"To be a pro meant you had places you could go, places you couldn’t go, places you couldn’t stay, places you couldn’t eat, and that was all over the country," said Sanders via SI.com's Deantae Prince. A lifetime of such treatment followed teammate Bill Russell, who recalled his feelings when it began to impact the next generation the summer ahead of Sanders and Jones harrowing experience (via SI.com's Gilbert Rogin):

"In the summer of 1962 ... took my two sons to Louisiana, where I was born and lived for nine years, to see my grandfather. I make a reasonable living, I'm a reasonably intelligent person; I bathe regularly, so I'm pretty much a normal human being. But from the time I left Washington, D.C., we couldn't eat. ... We couldn't stop and eat. Or sleep. I wasn't really hungry. I was just trying to get food for my kids ... I drove a pretty nice car, had a few hundred bucks on me—legal tender—but I couldn't stop to eat or sleep. I bet any Russian you name, from Khrushchev on down, would have had a nice trip to Louisiana. What can you tell a kid 5 and a kid 3? No one can justify this to me."

While food can lay bare the barriers between us, it can also create bonds. For Boston, an early example of exactly this tendency could be found in legendary head coach and president Arnold "Red" Auerbach's predilection for Chinese food. Auerbach, whose mouth made him as famous for his commentary and culinary choices as it did the legendary victory cigars he would light up once a win was assured for the Celtics, was also known to consume Coca-Cola to excess, even using it to wash down one of his favored Hebrew National hotdogs he'd break his morning fast with.

No eggs nor coffee for Red, and with such unhealthy alternatives as regular fare for the Hall of Fame general manager, it's no wonder he preferred Chinese takeout whenever he was on the road. It saved him time, was comparatively safe to eat because of the cooking style (steamed) and ingredients, and was a fairly consistent food no matter what restaurant -- or city -- he got it in.

His commentary on the supposedly superior quality of Boston-area Chinese food compared to San Francisco got him into hot water once, but in typical Auerbach fashion, Red refused to back down, qualifying his opinion with an admission it was a subjective one (per Rogin): "[The restaurants in Boston are better] for what I like" said Auerbach, noting his disinterest in learning to cook the cuisine himself, for which has no time.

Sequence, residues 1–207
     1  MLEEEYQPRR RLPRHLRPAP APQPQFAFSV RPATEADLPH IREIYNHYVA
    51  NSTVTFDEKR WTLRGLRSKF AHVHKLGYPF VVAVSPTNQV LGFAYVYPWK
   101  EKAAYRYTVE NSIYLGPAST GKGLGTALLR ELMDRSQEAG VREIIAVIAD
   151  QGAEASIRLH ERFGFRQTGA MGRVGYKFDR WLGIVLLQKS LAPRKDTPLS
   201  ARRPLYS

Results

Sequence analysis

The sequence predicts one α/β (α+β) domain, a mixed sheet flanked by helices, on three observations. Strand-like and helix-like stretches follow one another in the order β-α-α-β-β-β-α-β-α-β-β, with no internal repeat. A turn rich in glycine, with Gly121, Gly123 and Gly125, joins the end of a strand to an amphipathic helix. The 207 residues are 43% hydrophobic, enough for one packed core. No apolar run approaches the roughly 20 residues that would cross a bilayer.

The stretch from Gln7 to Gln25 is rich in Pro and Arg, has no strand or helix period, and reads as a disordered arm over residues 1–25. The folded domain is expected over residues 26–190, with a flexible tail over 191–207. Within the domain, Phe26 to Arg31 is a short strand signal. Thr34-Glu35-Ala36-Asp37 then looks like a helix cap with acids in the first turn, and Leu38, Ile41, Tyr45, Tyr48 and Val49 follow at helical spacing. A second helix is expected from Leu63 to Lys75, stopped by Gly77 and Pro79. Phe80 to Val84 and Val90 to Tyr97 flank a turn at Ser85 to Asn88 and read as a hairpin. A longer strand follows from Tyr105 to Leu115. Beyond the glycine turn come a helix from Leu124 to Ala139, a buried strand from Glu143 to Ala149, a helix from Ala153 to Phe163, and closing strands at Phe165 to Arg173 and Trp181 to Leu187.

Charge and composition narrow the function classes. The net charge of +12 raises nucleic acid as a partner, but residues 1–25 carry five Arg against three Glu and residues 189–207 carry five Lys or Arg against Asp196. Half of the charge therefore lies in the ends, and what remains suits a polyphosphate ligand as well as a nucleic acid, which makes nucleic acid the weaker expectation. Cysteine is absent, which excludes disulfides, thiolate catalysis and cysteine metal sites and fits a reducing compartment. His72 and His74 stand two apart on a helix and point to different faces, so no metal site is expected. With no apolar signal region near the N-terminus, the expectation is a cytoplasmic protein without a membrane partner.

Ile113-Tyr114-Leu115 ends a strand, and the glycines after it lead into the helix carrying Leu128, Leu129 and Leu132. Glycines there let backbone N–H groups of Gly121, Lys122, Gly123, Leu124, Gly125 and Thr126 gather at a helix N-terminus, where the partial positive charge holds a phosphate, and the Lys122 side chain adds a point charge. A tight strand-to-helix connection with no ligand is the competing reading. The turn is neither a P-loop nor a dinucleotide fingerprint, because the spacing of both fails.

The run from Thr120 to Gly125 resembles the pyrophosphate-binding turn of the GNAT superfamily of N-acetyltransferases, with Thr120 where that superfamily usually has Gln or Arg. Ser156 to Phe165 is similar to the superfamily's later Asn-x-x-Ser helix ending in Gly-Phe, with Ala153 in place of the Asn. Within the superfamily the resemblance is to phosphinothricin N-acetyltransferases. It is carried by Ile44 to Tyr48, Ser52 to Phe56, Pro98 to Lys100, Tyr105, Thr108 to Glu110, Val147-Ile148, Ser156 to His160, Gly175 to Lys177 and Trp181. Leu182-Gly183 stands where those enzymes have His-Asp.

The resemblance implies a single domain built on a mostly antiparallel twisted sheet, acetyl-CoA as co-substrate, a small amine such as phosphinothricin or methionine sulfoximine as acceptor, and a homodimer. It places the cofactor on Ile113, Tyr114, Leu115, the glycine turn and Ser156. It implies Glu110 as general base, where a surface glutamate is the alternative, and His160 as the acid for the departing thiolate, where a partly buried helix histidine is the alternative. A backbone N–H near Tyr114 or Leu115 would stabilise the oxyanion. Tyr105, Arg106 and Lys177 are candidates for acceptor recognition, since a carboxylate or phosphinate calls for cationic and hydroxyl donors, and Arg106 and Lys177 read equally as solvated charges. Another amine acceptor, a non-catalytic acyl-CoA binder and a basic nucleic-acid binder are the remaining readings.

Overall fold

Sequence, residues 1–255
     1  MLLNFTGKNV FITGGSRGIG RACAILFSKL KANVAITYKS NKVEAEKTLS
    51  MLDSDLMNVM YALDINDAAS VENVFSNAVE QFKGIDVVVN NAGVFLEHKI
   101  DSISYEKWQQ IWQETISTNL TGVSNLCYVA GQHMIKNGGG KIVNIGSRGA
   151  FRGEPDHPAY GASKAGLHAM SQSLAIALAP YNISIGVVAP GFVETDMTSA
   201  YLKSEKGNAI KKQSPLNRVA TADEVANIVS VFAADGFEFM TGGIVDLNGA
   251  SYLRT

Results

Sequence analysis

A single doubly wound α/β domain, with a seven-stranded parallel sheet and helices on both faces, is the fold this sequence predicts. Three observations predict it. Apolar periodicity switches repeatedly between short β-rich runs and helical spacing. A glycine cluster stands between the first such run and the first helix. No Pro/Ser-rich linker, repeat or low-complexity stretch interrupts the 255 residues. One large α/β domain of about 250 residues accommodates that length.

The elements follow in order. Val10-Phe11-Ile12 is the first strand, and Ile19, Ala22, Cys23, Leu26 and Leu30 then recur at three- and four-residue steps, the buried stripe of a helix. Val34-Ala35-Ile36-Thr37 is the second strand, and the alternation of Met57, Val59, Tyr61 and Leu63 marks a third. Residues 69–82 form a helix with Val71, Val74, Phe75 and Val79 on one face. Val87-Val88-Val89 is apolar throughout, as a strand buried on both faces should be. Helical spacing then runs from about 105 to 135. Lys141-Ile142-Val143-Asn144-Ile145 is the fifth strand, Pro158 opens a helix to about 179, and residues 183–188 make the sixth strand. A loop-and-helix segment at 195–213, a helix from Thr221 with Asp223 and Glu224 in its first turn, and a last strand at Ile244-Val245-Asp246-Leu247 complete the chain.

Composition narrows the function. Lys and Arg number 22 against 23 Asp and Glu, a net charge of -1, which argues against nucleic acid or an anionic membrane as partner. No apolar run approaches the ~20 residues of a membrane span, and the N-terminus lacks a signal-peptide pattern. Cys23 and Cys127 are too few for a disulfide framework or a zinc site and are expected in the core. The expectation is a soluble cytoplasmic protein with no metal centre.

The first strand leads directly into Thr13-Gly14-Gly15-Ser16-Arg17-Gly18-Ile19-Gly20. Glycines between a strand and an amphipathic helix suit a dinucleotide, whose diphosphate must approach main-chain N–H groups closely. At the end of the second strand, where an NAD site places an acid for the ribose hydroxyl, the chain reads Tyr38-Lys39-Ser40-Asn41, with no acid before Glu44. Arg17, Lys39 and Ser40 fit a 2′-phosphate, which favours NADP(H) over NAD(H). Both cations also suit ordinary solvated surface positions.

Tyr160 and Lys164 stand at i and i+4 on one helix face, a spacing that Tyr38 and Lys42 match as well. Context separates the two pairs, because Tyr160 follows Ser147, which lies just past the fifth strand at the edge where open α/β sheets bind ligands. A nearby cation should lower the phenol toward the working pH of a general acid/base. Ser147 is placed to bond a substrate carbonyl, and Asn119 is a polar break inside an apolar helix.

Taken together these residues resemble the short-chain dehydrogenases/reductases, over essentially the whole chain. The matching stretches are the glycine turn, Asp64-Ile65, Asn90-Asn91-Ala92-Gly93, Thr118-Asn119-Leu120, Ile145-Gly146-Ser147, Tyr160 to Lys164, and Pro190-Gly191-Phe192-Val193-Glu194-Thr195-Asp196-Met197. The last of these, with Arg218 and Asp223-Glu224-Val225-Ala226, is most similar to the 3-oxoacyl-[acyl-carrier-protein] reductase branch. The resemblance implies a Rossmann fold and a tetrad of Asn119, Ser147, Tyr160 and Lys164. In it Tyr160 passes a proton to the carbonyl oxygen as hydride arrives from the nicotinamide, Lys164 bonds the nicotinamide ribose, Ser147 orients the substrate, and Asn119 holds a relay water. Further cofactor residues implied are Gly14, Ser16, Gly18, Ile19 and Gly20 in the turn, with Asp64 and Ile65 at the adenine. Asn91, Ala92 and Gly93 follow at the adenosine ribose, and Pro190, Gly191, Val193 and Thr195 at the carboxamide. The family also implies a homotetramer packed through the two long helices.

He would go on to institutionalize Chinese food as part of his NBA lifestyle, dragging players and staff alike to local restaurants for meetings, and taking advantage of their take-out menus to eliminate a "monotony" many of us would kill for. "You get tired of going out," he said, "sitting down, the soup, the meat, two vegetables."

Auerbach loved Chinese so much he would invest in a Boston-area Chinese restaurant, and kept Chinese noodles on his mantel to snack on next to jars of nuts, another snacking favorite. "I'm a great eater of nuts," Auerbach explained. "My pumpkin seeds are out. Just the other day I ran out of pistachios and Indian nuts. I got duplicates of these at home and away. All I have now is paper-thin almonds and sunflower seeds—what some people call polly seeds ... A lot of these things come salted and unsalted. I eat them unsalted."

Red was something of junk food junkie: "I also eat all kinds of candy. I just finished my last coconut-covered marshmallow," he revealed, a habit that didn't seem to hurt his longevity -- he lived to be 89 -- and that he fed with a personal account with local candymaker H.W. Powers. Despite his questionable taste in snacks, Auerbach forbade his players from eating pancakes. "One morning, I caught Sam Jones eating pancakes. "'Well, that bite cost you five dollars,' I said. 'What's your next move?'" said the legendary coach, who also ruled out whiskey from his team's approved adult beverages. "If they're in a cocktail lounge and there are glasses of ginger ale in front of them, I fine them right away. I can't taste every drink. Let them drink beer!"

Beer wasn't just Red's beverage of choice for his players, it was also a product he stumped for, along with player-turned-coach Tommy Heinsohn, who both recorded a series of commercials for Miller in the 1970s and 1980s lauding the flavor and comparatively lower calorie count. "And what else?" asked Auerbach in one such advertisement. "It's less filling!," answered the team in unison.

Despite all the ways food defined the iconic Celtics executive, he couldn't -- or wouldn't -- eat before a game. Acutely conscious of how his mood would be mellowed with a full stomach, Red instead chose to literally stay hungry. "That's why I can't eat before a game. It's a plain, physiological thing. After you eat, you sit down. What happens? You go to sleep. Who are the most dangerous people? Animals. A hungry tiger. Not a starving tiger, a hungry tiger."

Stay tuned for part two where we'll look at some of the Celtics dalliances with the restaurant business.

#Celtics #JustinQuinn